Safety should always be taken into consideration when planning to remove graffiti. Always refer to the safety data sheet and product sheet of any graffiti removal product. Some products have different safety precautions than others with regard to skin sensitive, inhalation of fumes, and so on.  

Methods for Removing Graffiti   

There are multiple ways to clean and remove graffiti. The type of masonry material will also determine how the graffiti will be removed. It’s important to take into consideration the building material so as to preserve the exterior surface as much as possible.  

The goal of removing graffiti from masonry should not just be the elimination and removal of vandalism. Any plan to remove graffiti should proceed in a manner that maintains and preserves the integrity of the building exterior while avoiding any significant, long-term damage.   

Poulticing  

Poulticing is a common way to remove graffiti. A poultice combines an absorbent material and a cleaning agent that is kept in contact with the graffiti on the building surface. The cleaning agent penetrates the masonry and softens the pigment, which is absorbed by the poultice. This type of cleaning method serves two purposes, one being that it allows a cleaning agent to stay in contact with the stained material as long as possible. The second purpose is to allow the cleaning solution to pull the staining material out of the substrate without re-depositing it.   

Organic Solvents and Paint Removers  

Most vandalism can be removed while protecting the surface material by using graffiti removal products and commercial paint strippers that contain organic solvents. Many paint removers are manufactured as a thick gel or paste that adheres to the surface. The advantage of using organic solvents is that they completely evaporate and leave no residue.   

Organic solvents work best when used as a poultice but can also be toxic. Choosing the wrong type of cleaner can cause staining and damage that is worse than the graffiti. Another factor to take into account is the sensitivity of certain types of masonry to different chemicals.   

Commercial paint strippers quickly remove graffiti by dissolving high strength paint and coatings that include epoxies, polyurethanes, enamels commonly found in spray paints used in graffiti. They are emulsified in water and then rinsed thoroughly with cold or hot water, or steam to flush spent cleaner and dissolved soiling from the surface. They are applied in a number of ways that includes using a solvent-resistant brush or roller.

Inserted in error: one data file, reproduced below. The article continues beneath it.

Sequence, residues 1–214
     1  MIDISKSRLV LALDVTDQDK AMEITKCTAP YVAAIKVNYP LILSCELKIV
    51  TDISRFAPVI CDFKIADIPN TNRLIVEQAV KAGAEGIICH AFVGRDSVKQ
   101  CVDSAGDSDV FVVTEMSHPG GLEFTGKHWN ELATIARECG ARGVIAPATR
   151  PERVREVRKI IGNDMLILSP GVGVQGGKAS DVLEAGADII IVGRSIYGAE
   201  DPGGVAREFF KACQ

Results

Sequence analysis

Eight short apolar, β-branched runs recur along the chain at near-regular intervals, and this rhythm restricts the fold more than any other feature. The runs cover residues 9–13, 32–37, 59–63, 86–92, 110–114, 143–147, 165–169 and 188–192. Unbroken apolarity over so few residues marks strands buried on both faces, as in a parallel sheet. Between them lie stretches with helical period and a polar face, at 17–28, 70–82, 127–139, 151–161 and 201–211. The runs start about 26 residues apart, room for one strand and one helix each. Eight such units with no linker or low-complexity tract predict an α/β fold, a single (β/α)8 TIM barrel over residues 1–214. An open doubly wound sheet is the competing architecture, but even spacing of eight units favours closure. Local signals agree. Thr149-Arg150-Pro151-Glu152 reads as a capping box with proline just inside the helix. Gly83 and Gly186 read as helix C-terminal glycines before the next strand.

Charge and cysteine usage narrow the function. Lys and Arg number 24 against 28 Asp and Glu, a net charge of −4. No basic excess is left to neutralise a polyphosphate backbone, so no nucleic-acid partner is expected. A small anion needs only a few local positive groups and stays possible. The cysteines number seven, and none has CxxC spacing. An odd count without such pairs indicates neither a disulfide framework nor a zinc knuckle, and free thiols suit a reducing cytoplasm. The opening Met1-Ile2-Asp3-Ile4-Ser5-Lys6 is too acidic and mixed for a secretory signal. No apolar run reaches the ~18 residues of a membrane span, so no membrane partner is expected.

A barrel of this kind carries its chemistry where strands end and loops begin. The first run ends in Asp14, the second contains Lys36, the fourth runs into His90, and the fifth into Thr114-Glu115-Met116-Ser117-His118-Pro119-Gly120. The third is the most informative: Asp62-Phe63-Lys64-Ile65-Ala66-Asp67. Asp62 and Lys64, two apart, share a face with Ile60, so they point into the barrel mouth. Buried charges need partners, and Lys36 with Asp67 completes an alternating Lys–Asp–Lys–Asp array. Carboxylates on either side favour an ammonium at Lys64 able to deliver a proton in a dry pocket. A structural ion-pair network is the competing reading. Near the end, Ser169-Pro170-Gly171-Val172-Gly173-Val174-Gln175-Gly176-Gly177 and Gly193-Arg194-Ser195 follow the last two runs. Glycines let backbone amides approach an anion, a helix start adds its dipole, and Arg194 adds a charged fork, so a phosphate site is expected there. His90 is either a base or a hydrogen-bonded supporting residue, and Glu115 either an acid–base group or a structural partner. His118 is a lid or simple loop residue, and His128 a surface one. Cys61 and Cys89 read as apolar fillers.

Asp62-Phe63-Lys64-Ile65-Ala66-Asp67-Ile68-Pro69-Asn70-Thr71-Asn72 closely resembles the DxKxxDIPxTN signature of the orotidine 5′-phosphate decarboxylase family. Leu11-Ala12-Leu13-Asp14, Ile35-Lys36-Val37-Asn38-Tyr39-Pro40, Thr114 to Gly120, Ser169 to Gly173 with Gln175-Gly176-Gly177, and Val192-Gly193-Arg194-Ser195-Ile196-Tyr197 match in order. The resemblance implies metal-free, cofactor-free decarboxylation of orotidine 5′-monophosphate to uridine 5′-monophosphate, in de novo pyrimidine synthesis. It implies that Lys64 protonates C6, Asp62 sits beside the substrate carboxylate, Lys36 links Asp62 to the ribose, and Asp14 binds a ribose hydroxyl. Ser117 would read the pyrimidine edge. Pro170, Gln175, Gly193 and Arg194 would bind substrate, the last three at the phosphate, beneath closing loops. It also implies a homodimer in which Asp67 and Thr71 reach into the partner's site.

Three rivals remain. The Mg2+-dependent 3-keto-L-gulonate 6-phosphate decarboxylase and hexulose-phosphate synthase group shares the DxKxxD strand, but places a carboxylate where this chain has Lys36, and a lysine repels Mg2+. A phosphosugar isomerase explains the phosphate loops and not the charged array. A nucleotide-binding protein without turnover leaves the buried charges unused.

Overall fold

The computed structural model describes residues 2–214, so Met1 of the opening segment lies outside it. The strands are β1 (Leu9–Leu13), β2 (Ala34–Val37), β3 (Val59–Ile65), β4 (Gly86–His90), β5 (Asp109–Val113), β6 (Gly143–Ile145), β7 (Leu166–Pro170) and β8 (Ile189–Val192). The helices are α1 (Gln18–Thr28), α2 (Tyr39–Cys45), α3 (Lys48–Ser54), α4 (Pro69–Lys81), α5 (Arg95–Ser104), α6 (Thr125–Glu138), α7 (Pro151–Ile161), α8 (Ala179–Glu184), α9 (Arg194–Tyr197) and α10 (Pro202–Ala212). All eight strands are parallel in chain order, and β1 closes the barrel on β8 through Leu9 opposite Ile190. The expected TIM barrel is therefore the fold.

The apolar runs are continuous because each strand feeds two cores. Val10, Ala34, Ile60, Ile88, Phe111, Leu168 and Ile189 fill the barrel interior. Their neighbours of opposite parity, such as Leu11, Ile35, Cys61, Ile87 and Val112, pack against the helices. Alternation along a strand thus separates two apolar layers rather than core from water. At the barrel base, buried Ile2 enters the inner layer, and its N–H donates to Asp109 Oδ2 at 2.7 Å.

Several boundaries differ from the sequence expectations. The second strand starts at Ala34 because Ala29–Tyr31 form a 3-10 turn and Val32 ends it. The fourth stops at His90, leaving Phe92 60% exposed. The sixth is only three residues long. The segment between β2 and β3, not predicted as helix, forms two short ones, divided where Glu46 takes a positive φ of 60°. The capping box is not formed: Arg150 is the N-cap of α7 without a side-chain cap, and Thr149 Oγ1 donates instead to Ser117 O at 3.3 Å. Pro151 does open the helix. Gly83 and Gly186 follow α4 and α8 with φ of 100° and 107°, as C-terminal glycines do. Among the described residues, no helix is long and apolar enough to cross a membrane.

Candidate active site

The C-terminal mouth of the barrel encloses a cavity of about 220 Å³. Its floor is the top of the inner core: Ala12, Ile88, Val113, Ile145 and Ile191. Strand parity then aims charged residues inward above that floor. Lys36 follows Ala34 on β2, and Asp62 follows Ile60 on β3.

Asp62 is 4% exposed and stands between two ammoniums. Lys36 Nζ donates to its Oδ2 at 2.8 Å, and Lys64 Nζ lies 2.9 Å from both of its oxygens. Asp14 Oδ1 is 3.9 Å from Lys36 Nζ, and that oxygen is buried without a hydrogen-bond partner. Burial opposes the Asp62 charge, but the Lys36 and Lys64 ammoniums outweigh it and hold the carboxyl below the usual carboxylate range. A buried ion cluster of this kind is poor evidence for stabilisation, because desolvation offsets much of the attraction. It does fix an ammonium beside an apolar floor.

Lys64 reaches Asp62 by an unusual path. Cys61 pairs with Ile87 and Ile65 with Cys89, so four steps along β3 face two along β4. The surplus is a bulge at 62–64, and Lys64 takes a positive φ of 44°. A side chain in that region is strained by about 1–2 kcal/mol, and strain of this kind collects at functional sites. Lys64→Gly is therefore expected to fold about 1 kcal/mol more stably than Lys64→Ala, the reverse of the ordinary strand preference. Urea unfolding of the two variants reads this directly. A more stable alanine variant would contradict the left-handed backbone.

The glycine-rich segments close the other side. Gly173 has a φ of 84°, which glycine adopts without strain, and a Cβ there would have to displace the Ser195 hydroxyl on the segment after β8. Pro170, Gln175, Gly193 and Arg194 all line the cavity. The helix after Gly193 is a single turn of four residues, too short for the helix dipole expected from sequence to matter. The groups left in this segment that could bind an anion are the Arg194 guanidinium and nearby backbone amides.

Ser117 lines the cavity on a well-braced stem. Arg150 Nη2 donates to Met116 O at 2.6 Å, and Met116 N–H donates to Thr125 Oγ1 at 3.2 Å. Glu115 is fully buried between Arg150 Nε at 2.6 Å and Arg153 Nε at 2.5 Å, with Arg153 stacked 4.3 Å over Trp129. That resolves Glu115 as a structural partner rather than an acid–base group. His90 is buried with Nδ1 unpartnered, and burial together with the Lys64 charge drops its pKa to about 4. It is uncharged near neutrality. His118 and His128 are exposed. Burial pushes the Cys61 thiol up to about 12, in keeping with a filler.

Anti-Graffiti Protective Coatings  

It is impossible to prevent graffiti, but with some types of treatments, it is possible to prevent it from bonding and causing long-term damage.   

Masonry can be secured against graffiti through a series of water repellents that provide hydrophobic protection through the formation of a semi-permeable membrane. These flexible membranes offer protection to masonry surfaces that reject water in a solid state but allow moisture vapor transmission while remaining intact through the thermal movement of the masonry. The membrane protects masonry against spray paint and other common materials used by vandals that ultimately will penetrate deep into pores of exterior surfaces.  With a unique blend of silicone polymers, these repellents provide the most resistance to destruction from UV light and acid rain while also providing protection against graffiti.   

These barrier coatings can be applied year-round to most building exteriors as long as the temperature is above 20 degrees Fahrenheit. After the surfaces have been cleaned is the best time to use barrier coatings, usually within 90 days for new construction, or after restoration cleaning has taken place on older buildings. These protective and preventive coatings are clear and are applied to protect the appearance of the building.   

Sacrificial Coatings  

There are two types of graffiti protection coatings: sacrificial and non-sacrificial. Sacrificial coatings are paraffin wax based and applied to the substrate beforehand. The downside to these is that they don’t allow a building’s products to breathe. Sacrificial coatings also can cause sealer blush, which causes the wall to turn white and occurs when water tries to escape but is trapped by the wall   

Non-sacrificial Coatings  

These types of coatings applied to a building substrate and are typically silicon-based, allowing for natural breathability of the exterior. After non-sacrificial coatings are applied, graffiti can be removed over and over again while keeping the substrate intact and coated.   

Whichever method of prevention is chosen, ultimately it makes removing graffiti easier because the substrate is properly protected, preventing the necessity of more aggressive products.   

When using a preventative coating, there is a difference between temporary coatings and permanent coatings. Temporary coatings are removed every time graffiti is removed and must be reapplied. Permanent coatings do not have to be reapplied after graffiti is removed.   

Graffiti is an inherent side-effect of cities and urban areas. While it is impossible to prevent, it is possible to prevent it from causing lasting damage. The better a building is protected, the better the appeal of the neighborhood and the preservation of its value and place in society.